Reverend Thorne has finally got his wish: he's managed to kick the Muslims out of Mercy Anglican without looking like the bad guy. The next step is to get Hamoudi Contracting out as well. Amaar goes ...
A heartbroken Ann didn't make it to Charles' wedding if only to stop him from marrying another woman. The same applies to Charles himself in that he didn't make it to his own wedding since he came to...
Baber is acting as Imam after the Board fired Amaar. While Amaar communes with nature in a tent on Joe's property and prays to figure out what he will do with his life, Sarah and Rayyan add more than...
In many Canadian mosques, women are put behind barriers to pray and sometimes are not even expected to enter. This documentary covers the historical role and the current state of Canadian ... See full summary »
Umar Faruq Abd-Allah,
The location is Mercy Saskatchewan, a small town in the Canadian prairies. A small but devout community of Muslims has settled there, headed by community leader Yasir Hamoudi, a local building contractor. He is married to Sarah, a Caucasian ex-Christian who has converted to Islam for her husband. Their adult daughter, Rayyan, is a feminist Muslim doctor. The religious leader of the Muslim community - the Imam - is Amaar Rashid, a young, Canadian-born ex-lawyer from Toronto, who came to Mercy to replace Baber Siddiqui, who was deemed too extreme by many in the Mercy Muslim community. The local diner is run by Fatima Dinssa, a Nigerian Muslim who is strict about her religion but more liberal in her cultural values. The Muslims in Mercy are co-existing with their Christian neighbors, sometimes harmoniously, sometimes not. Reverend Duncan Magee welcomes his Muslim neighbors, especially if they enhance the social and economic fabric of the community and his parish. Likewise, Mayor Ann ... Written by
When the series finale aired in April 2012 the CBC negotiated distribution deals in 92 foreign countries including Israel. Ironically, at that time, it did not air on any television outlet within the United States; Canada's next door neighbor. It has now been made available streaming over the Internet, for American customers, on the Hulu network. See more »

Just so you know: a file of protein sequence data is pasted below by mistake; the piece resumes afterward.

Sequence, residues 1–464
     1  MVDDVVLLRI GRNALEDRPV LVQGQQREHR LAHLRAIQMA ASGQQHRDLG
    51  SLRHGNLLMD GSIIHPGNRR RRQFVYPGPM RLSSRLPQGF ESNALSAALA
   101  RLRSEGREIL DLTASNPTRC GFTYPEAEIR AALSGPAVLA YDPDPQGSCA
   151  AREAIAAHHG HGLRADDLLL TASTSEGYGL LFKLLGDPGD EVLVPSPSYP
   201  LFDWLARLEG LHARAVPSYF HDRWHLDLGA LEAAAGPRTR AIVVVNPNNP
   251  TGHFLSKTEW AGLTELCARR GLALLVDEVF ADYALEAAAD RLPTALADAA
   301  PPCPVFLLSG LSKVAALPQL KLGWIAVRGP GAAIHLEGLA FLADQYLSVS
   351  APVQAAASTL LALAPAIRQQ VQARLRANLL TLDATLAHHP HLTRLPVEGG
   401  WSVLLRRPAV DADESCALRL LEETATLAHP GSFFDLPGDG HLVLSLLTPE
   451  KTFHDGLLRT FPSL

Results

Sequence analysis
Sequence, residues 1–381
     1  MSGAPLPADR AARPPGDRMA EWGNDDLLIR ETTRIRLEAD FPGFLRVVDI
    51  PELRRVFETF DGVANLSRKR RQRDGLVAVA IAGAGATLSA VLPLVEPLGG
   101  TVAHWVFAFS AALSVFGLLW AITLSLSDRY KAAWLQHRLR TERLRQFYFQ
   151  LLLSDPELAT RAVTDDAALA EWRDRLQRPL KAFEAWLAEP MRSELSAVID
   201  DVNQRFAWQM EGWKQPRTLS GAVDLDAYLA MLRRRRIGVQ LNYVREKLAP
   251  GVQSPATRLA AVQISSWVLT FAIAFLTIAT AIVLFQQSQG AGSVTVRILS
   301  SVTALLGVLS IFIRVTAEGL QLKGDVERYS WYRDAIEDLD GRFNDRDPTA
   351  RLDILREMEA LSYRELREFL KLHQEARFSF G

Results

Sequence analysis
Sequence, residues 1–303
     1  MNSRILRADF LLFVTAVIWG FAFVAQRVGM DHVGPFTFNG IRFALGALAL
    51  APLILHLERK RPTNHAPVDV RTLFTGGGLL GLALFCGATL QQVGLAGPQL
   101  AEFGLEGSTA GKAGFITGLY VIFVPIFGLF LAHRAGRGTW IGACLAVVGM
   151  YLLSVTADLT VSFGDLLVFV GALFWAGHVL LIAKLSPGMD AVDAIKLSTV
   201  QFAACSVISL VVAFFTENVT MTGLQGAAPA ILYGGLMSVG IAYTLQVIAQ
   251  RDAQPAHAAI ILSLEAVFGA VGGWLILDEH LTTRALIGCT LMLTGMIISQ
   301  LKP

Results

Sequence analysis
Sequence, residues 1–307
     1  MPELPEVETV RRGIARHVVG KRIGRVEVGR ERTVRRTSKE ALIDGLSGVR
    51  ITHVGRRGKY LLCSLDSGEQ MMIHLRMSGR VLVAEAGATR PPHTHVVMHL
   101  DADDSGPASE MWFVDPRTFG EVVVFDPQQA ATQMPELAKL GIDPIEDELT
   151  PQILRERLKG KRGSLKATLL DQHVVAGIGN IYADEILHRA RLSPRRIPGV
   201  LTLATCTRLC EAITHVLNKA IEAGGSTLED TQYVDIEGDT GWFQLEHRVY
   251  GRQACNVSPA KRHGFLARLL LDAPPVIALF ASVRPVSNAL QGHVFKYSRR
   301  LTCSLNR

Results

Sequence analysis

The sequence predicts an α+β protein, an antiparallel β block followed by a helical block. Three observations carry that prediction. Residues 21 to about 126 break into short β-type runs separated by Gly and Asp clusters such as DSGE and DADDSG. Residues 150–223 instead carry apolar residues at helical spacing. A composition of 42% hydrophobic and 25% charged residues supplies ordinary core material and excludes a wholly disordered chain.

Unlike many, I don't find the premise or theme of this show the least bit offensive. Its execution, however, is another matter entirely. Like so many B-minus movies, all the decent gags appear to have been spliced into the trailers. For most of the 22-or-so minutes we sit in waning anticipation any morsel of real humor. Or at least something to keep one from fidgeting with the remote or counting carpet fibers. With a couple of exceptions the acting is awful; the comical over-emoting and gesticulating of some cast members might be well suited to a late-night infomercial, but not a primetime sitcom (even a Canadian one.) Notwithstanding the admittedly original cultural angle, I cannot help but think this is mainly a misfired shot by the CBC to replicate the success of Corner Gas. Unfortunately, they got the tone -- and the script -- completely wrong for the prairies. The final insult is that they apparently couldn't even afford to have the location work done in an actual small town (Why? are they so hard to find in Saskatchewan?) Did they think the audience would be fooled by the downtown Regina exteriors? As a proud Canadian I hope this thing goes away soon, and that the rest of the world, primed by the CBC's publicists, quickly forgets this colossal embarrassment of a sitcom.
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